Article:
Conservatives on Supreme Court, as expected, end nationwide right to abortion
The Supreme Court on Friday formally overturned its 49-year-old landmark Roe v. Wade decision, and with it ended a half-century of constitutionally guaranteed abortion rights in the United States.
The 6-3 decision in the case, Dobbs v. Jackson Women's Health Organization, was telegraphed in May by an unprecedented leak of an early draft of the majority opinion, written by Justice Samuel Alito. But even though the final, official version was slightly less strident than the leaked document, the impact is the same. The right to an abortion has been eliminated as if it never existed at all. The decision about whether to allow the procedure now falls to individual state governments, and only 16, plus the District of Columbia, have passed laws to preserve the option, while two others have state constitutional protections that have been cited by state courts as protections for abortion.
The majority opinion, whose signers included Justice Clarence Thomas and all three justices appointed by President Donald Trump — Neil Gorsuch, Brett Kavanaugh, and Amy Coney Barrett — said in no uncertain terms that 1973's Roe, and a 1992 case that reaffirmed that right, Planned Parenthood of Southeastern Pennsylvania v. Casey, were wrongly decided.
"The Constitution makes no reference to abortion, and no such right is implicitly protected by any constitutional provision," wrote Alito. "It is time to heed the Constitution and return the issue of abortion to the people's elected representatives."
Chief Justice John Roberts, an abortion opponent who had telegraphed when the case was argued in December that he was in favor of upholding the Mississippi law at the center of the case, agreed with the judgment but filed his own, concurring opinion in which he said he would not have gone as far. "I would take a more measured course," he wrote. "The Court's opinion is thoughtful and thorough, but those virtues cannot compensate for the fact that its dramatic and consequential ruling is unnecessary to decide the case before us."
On the other hand, the three remaining liberals on the court, Sonia Sotomayor, Elena Kagan, and Stephen Breyer, who is retiring at the end of this term, pulled no punches.
"One result of today's decision is certain: the curtailment of women's rights, and of their status as free and equal citizens," wrote Breyer, in a dissent signed by all three of the liberals. "Yesterday, the Constitution guaranteed that a woman confronted with an unplanned pregnancy could (within reasonable limits) make her own decision about whether to bear a child, with all the life-transforming consequences that act involves. … But no longer. As of today, this court holds, a State can always force a woman to give birth, prohibiting even the earliest abortions."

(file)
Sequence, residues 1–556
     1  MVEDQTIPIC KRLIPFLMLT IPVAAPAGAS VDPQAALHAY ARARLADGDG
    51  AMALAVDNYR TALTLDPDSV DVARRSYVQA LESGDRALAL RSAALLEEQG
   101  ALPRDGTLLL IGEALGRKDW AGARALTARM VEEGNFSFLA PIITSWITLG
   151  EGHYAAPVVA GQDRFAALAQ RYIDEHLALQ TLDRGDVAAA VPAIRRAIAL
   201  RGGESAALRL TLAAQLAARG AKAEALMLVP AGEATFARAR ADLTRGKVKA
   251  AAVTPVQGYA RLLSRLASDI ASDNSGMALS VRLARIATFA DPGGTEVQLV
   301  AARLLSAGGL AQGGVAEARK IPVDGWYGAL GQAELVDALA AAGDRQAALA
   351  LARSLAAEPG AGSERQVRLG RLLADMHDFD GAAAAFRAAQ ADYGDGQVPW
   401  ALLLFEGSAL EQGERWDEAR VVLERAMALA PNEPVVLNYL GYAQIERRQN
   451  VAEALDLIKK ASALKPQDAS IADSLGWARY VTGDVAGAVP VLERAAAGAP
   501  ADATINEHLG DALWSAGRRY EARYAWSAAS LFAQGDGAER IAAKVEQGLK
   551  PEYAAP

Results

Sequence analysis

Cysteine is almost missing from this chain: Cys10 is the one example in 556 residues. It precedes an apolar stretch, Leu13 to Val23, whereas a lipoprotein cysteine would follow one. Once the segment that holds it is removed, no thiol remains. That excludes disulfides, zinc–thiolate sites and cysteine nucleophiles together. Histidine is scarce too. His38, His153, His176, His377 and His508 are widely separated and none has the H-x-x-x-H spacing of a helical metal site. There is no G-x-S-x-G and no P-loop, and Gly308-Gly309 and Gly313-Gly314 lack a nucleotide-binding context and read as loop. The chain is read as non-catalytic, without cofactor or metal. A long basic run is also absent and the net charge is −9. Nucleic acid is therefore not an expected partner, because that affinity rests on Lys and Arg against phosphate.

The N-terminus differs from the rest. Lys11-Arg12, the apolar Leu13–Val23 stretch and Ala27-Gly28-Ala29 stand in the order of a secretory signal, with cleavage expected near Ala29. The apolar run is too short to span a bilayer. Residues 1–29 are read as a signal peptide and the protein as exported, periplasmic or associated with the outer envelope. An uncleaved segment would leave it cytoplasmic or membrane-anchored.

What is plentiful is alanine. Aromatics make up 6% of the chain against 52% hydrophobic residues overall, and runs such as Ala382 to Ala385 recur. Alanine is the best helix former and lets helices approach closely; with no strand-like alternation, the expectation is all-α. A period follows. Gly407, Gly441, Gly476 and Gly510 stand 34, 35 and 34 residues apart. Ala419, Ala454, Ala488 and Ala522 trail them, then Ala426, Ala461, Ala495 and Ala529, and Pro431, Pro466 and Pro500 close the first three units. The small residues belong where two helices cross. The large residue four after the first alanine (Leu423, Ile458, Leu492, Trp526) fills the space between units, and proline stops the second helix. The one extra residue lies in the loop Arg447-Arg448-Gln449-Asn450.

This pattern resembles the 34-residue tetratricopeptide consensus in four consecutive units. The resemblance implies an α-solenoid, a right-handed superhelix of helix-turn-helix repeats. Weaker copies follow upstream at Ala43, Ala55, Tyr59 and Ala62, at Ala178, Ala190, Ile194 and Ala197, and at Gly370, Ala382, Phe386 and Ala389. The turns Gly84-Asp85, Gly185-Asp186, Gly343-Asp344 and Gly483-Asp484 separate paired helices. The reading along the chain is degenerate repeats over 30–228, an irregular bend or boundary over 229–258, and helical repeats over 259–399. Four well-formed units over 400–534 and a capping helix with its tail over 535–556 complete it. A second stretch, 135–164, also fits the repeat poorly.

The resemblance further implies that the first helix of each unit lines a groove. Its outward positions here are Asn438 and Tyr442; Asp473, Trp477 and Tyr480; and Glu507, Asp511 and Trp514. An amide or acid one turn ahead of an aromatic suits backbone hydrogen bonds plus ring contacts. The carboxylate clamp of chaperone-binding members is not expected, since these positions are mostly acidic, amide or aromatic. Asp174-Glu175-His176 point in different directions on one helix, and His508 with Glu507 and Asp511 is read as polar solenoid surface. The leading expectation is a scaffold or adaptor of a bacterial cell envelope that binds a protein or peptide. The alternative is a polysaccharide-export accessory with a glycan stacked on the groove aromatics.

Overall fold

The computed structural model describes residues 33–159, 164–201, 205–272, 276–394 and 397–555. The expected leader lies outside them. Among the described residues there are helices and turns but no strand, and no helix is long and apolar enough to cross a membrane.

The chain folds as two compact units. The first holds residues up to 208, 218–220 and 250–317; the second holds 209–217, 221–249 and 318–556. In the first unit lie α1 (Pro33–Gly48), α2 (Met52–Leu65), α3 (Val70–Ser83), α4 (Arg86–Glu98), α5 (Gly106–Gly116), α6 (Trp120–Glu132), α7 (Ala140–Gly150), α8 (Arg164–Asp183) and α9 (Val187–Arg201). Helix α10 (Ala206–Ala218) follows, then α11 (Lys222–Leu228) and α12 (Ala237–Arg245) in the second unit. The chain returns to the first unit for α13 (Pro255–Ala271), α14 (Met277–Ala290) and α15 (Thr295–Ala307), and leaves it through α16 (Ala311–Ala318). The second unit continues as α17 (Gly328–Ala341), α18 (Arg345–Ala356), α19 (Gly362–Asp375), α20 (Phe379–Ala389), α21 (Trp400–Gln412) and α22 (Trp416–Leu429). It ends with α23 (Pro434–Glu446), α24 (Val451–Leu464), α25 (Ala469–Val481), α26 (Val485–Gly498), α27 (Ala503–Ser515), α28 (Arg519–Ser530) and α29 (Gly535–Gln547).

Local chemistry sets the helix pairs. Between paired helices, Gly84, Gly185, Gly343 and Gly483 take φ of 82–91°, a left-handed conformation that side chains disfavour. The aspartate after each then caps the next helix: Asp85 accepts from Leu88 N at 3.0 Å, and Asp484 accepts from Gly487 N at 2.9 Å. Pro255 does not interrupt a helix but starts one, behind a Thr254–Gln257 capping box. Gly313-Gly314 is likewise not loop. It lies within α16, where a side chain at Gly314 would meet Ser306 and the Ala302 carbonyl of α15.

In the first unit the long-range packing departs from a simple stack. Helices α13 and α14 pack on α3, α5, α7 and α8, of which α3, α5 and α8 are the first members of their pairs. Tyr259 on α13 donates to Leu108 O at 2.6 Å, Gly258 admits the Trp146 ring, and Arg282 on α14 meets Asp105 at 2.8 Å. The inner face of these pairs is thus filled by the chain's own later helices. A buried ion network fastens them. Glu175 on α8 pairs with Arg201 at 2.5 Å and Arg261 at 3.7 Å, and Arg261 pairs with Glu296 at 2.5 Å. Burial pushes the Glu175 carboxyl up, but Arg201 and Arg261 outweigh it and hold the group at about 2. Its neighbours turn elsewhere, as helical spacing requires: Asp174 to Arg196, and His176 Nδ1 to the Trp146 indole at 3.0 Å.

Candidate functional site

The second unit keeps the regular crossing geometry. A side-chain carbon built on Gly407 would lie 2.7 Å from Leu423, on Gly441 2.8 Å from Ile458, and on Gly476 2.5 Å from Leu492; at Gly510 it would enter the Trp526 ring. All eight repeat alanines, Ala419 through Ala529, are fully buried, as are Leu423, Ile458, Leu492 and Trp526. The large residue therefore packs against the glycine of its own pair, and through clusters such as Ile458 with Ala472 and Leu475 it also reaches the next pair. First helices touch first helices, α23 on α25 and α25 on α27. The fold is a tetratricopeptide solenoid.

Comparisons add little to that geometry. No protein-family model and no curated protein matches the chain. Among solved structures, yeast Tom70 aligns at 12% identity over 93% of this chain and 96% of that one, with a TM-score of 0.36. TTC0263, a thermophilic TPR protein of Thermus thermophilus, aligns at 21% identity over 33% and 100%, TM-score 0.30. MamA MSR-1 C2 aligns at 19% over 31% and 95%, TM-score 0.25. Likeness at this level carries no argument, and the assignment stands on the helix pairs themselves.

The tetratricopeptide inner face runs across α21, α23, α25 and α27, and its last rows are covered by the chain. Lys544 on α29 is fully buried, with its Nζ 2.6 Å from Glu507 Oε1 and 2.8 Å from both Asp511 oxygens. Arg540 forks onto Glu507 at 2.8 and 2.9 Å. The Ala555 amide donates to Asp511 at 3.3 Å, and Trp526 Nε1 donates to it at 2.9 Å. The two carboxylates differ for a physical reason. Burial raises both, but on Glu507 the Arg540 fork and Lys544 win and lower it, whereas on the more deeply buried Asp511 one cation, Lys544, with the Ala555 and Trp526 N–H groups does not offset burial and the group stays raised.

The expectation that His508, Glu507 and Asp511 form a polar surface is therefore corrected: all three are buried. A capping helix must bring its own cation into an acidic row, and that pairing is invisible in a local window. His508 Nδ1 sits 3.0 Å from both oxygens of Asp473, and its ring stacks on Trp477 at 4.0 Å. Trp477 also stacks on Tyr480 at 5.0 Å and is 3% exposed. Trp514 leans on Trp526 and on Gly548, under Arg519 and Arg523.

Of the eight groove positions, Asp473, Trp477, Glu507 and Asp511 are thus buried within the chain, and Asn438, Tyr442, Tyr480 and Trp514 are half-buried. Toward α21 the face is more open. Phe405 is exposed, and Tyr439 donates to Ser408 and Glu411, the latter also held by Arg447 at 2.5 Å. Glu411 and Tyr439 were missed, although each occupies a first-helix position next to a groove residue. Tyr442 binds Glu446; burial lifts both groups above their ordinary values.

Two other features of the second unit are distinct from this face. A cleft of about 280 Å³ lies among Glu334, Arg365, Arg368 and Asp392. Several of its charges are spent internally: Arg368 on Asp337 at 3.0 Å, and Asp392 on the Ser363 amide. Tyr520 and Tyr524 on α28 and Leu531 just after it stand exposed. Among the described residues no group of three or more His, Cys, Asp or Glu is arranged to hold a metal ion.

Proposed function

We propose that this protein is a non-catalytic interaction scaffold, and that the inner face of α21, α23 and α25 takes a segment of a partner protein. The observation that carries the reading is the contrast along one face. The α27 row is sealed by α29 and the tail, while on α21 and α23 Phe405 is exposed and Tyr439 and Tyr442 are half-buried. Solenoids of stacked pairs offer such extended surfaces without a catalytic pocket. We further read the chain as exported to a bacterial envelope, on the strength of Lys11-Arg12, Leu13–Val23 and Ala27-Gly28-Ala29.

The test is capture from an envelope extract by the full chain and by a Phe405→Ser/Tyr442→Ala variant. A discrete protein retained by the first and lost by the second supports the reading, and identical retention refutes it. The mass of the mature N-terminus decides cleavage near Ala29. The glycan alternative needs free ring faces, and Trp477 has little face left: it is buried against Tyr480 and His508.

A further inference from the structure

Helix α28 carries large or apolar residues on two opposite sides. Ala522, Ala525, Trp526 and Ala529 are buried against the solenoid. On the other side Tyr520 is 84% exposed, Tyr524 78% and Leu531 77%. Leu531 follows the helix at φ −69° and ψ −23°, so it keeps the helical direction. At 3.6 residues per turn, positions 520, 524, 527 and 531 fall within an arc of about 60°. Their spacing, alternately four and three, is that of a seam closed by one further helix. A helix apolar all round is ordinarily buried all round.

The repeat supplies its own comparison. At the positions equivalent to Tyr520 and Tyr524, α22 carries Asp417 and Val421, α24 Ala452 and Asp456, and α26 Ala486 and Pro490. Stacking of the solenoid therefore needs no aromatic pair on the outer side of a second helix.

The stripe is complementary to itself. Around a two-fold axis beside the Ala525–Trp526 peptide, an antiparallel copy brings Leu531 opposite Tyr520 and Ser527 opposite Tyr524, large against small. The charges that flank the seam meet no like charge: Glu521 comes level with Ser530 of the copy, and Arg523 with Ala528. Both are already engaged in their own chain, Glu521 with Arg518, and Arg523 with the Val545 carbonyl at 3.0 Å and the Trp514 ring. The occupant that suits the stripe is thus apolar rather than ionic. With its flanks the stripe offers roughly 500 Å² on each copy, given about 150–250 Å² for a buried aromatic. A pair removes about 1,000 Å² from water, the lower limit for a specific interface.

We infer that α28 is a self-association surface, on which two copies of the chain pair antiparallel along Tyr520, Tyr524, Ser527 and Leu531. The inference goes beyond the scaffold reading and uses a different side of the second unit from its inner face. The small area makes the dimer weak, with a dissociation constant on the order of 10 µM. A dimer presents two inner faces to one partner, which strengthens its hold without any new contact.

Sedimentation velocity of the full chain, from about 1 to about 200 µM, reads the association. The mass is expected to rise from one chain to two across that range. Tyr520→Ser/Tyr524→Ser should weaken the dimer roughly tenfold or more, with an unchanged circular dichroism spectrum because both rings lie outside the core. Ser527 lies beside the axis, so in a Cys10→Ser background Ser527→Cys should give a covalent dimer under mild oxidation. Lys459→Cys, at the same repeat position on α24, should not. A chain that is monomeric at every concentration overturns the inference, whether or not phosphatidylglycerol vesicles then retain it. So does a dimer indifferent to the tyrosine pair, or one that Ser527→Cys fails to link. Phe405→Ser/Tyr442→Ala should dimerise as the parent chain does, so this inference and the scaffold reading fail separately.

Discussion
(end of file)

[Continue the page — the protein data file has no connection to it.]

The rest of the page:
It is hard to overstate the impact of the court's action. While the Supreme Court has in the past reversed long-standing decisions, most notably in cases involving race relations, the court has never granted a right and then erased it.
In this case, the impact is also immediate. Thirteen states have so-called trigger laws that ban abortion, set to take effect upon Roe's reversal. Other states have had pre-Roe abortion bans that could become active again, and some have post-Roe restrictions that are blocked by courts but could also take effect. In all, according to the Guttmacher Institute, which tracks reproductive health policy, 26 states are likely to ban or severely restrict abortion now that they are formally allowed to.
Reaction from those who support abortion rights was swift, although there is little they can do immediately to stop the wave of bans or restrictions. The House of Representatives has a majority of members who support abortion rights in at least some circumstances, but any legislation that would write abortion protections into federal law would lack the votes in the Senate to overcome a filibuster.
House Speaker Nancy Pelosi, in a statement released quickly after the decision, said: "Today, the Republican-controlled Supreme Court has achieved the GOP's dark and extreme goal of ripping away women's right to make their own reproductive health decisions. Because of Donald Trump, Mitch McConnell, the Republican Party and their supermajority on the Supreme Court, American women today have less freedom than their mothers."
This article was reprinted from khn.org with permission from the Henry J. Kaiser Family Foundation. Kaiser Health News, an editorially independent news service, is a program of the Kaiser Family Foundation, a nonpartisan health care policy research organization unaffiliated with Kaiser Permanente.
Posted in: Women's Health News | Healthcare News
Tags: Abortion, Pregnancy, Reproductive Health, Women's Health
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